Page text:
Zoreh is now available to pre-order! Head over to the Shop section to reserve your copy. It will be officially released on 24th March 2018.
To celebrate the run up to the release of Zoreh I accepted some questions from you and did a live Q and A. I've reproduced some of your question with my answers here.
Q: Many of you asked why did I call the book Zoreh?
It seemed like the most natural choice. Previously I had a longer name in mind, but Zoreh won. Zoreh is my middle name, and it means Venus, the book has some astrological, spiritual elements and it just felt right. My publishing company is also called Zoreh Publishing.
Q: Tina asked: which poem brought the most emotion when writing?
Q: I was asked by @sonic_dreamer: If you had magical powers and were able to depict your new poetry collection as a triptych in the style of three painters, which painters would you paint the poems in?
What a great question! I would choose Pablo Picasso, specifically Guernica. Dante Gabriel Rossetti's Persephone. And one off Austin Osman Spare's self portraits.
Q: Clare asked: what is my favourite spot to write?
Any where warm. Preferably a sunny afternoon in the country side. Really i can write anywhere. I wrote a lot of my first collection Rocking Underground on the train, moving about London.
Q: Bobby and Savano asked: how long has this collection taken to complete?
Well consciously I've been working on this collection since August 2016. I wrote Fifth Circle of Hell on the 5th August 2016, I wrote Armistice DayNovember 2016. Sagittarius Rising the first poem in the collection I wrote on the 8th January 2015. I found it again and thought it appropriate to start this book with. Elegy I had been working on last year intermittently, but the majority of it was written in February 2018. This collection has been incubated for a while, but I'm so ready to share it now with you.
Q: Beth asked: how would you characterise the poems in this third collection compared to your first two?
I feel that they are a natural progression from each other, and i feel they are connected to a certain extent. For me each collection is a time capsule.
Q: E.M Lyng asked: How do you perceive the concept of God or a Higher Power throughout your work? Rod and Cayla also asked about the plural manifestations of spirituality and mysticism in my work.
My idea of God runs through my work, I suppose in this collection looking at the contents page it's particularly prominent, although that was not a conscious choice.
Q: Olivia asked: What is your main inspiration for writing poetry?
Love, being in love. Also the times we live in, I'm not untouched by what has been going on the past eighteen months, and the colours of recent events has added shade to this collection.
Q: Jeanie asked: What influence does film or photography have on your poetry?
Well in this collection there is a poem called Repulsion (All The Flesh) and last year I watched the Polanski film Repulsion for the first time. Earlier that day I had been talking to a beautiful French woman who reminded me of Catherine Deneuve (who plays the lead part in the film Repulsion). So these two things along with people I've seen and memories of the past coloured that poem. In general, we are all products of our environment. When I see a film that moves me or shocks me, or an intense photograph that speaks to me, I just marvel that people have captured such things, that that kind of excellence exists and is possible. It makes me want to work harder.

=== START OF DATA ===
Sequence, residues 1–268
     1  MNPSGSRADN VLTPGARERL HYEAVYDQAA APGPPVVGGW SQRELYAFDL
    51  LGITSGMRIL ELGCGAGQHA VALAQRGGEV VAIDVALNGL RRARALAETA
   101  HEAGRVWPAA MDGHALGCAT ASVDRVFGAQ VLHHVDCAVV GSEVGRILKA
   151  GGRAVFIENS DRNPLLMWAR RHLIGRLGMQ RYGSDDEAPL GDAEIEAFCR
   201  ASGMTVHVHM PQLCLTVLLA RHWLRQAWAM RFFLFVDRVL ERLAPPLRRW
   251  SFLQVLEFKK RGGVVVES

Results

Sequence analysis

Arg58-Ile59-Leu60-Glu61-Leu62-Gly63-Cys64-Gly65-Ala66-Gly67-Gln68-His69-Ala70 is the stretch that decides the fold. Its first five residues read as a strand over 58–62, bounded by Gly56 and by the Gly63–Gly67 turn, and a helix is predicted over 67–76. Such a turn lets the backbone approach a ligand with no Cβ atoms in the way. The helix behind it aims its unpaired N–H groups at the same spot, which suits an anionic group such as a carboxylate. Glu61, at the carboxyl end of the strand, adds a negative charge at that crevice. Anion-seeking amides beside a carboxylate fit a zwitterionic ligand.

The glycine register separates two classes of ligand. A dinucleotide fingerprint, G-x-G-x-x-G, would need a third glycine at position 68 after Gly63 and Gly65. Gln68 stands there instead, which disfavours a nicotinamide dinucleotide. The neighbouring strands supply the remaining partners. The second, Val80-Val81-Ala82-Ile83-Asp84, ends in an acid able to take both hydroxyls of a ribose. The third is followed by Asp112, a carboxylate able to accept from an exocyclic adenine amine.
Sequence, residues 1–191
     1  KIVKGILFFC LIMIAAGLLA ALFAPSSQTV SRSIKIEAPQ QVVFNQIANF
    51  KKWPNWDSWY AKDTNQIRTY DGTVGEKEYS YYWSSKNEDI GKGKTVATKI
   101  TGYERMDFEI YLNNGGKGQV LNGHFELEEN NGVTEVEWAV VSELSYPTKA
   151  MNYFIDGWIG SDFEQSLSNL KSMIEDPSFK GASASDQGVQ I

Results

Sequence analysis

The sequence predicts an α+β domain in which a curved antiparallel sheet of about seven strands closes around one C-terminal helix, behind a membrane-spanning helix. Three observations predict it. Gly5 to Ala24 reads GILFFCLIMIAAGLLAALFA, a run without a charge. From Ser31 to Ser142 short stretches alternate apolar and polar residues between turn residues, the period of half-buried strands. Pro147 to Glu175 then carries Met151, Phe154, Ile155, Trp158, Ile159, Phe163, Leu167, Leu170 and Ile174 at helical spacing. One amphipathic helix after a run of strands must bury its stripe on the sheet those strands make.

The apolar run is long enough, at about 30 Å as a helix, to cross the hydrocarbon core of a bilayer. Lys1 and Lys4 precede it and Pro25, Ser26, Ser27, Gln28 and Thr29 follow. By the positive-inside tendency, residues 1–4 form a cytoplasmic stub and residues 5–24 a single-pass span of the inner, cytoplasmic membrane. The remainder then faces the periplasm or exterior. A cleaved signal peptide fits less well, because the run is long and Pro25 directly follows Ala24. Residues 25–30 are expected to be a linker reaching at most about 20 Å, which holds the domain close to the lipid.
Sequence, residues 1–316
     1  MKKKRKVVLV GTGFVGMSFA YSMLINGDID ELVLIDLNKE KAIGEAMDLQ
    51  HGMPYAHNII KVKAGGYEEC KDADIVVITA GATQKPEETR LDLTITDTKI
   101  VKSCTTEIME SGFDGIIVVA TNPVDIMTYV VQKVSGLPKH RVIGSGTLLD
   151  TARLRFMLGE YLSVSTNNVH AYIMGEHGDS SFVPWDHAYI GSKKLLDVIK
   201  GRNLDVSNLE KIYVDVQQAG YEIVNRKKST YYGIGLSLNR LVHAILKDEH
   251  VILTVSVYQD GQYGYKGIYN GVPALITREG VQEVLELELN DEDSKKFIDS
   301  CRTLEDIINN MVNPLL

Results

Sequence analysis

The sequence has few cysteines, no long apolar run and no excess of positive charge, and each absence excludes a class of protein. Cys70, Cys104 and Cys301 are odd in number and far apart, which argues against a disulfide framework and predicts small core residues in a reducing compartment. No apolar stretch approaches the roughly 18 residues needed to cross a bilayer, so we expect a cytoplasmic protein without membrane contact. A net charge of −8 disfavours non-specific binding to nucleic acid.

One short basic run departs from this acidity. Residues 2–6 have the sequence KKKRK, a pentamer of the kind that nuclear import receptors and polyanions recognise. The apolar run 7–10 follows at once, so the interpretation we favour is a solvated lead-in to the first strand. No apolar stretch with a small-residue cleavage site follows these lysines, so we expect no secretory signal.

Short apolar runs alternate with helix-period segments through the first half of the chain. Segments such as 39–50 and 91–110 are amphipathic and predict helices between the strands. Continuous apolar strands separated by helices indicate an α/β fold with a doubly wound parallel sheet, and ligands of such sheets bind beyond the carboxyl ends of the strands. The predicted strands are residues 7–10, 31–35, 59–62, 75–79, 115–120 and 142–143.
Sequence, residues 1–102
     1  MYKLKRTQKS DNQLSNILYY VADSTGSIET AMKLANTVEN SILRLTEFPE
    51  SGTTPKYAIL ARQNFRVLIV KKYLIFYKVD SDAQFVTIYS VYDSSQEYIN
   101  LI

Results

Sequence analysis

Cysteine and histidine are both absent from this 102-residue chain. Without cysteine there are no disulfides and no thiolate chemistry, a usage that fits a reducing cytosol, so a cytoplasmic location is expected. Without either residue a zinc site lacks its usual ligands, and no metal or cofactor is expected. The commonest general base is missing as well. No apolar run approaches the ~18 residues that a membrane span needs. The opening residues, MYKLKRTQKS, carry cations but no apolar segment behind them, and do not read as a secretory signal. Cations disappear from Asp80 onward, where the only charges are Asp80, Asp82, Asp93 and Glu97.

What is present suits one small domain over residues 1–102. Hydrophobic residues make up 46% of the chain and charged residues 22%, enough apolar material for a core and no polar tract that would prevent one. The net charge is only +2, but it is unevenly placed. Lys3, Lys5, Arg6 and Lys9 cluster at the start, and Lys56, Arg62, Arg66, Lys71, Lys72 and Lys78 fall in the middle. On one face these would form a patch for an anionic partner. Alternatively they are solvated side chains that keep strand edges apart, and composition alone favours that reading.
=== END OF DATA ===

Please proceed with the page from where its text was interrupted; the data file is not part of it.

Q: Zoe asked: How does it feel to write words that touch people?
That's more of a compliment than a question! Thank you. There are pieces of writing, and records that have been my friends and constant companions, they've magnified the most beautiful points in life and helped me through darker periods. I believe art should be of service, so if my poetry has been of service and touched you then, thats wonderful.
I had the pleasure of being invited to perform in a spoken word evening at the Southwark Playhouse, on Monday night. It was the second half of a night of all-female performances - an apt ensemble in the week celebrating the centenary of women obtaining the right to vote in the UK.
I enjoyed performing Shackles from Rocking Underground; Possession, Ocean and Euphoric Kiss from The Lock And The Key; and Fifth Circle Of Hell from my forthcoming third collection.
I've been a fan of the gruff, gun toting photographer Jim Marshall's for a long time. Known more for his iconic rock and roll images: capturing a young Bob Dylan in Greenwich Village and the Rolling Stones backstage, he was Rolling Stone magazines main photographer. Therefore it was a revelation, years after his death to be introduced to his Peace photographs. Obsessively and secretly Marshall had documented over and over again the Peace symbol in various locations, scrawled on a bins, in the subways, and on placards protesting the Vietnam war.The exhibition is accompanied by a book, which long term friend of Marshall's Joan Baez wrote the foreword. The Peace and Light exhibition is being shown in New York, Los Angeles and San Francisco. The Troubadour was chosen as the London venue for the exhibition as the Ban The Bomb movement (which eventually became the CND: Campaign for Nuclear Disarmament) held their first meeting there. And it was in fact that movement that birthed the Peace symbol.
I was honoured that my poems on love and war and politics were chosen to accompany Marshall's striking images. The Troubadour and Reel Art Press, along with Jim Marshall's estate have done a fantastic job putting together an evocative exhibition. On Sunday at 7pm, we gathered in the gallery for an intimate poetry reading. I read some of my poems that were being exhibited, and some new work that will be released next year. It was such a special evening for me, and I truly feel so lucky and grateful. Afterwards a small group of us went downstairs and had dinner at The Troubadour, and heard wonderful, crazy stories about Marshall from people that had worked with him and grown to love him.